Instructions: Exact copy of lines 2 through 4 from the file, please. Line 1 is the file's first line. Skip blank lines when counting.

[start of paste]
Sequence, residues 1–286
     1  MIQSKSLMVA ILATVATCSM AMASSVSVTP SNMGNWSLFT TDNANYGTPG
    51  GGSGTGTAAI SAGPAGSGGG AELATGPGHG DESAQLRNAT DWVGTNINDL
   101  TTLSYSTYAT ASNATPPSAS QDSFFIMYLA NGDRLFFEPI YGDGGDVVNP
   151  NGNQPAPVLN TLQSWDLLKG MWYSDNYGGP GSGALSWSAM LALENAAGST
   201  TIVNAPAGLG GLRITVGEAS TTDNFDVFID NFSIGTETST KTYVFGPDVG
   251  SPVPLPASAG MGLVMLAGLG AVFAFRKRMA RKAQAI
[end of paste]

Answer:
     1  MIQSKSLMVA ILATVATCSM AMASSVSVTP SNMGNWSLFT TDNANYGTPG
    51  GGSGTGTAAI SAGPAGSGGG AELATGPGHG DESAQLRNAT DWVGTNINDL
   101  TTLSYSTYAT ASNATPPSAS QDSFFIMYLA NGDRLFFEPI YGDGGDVVNP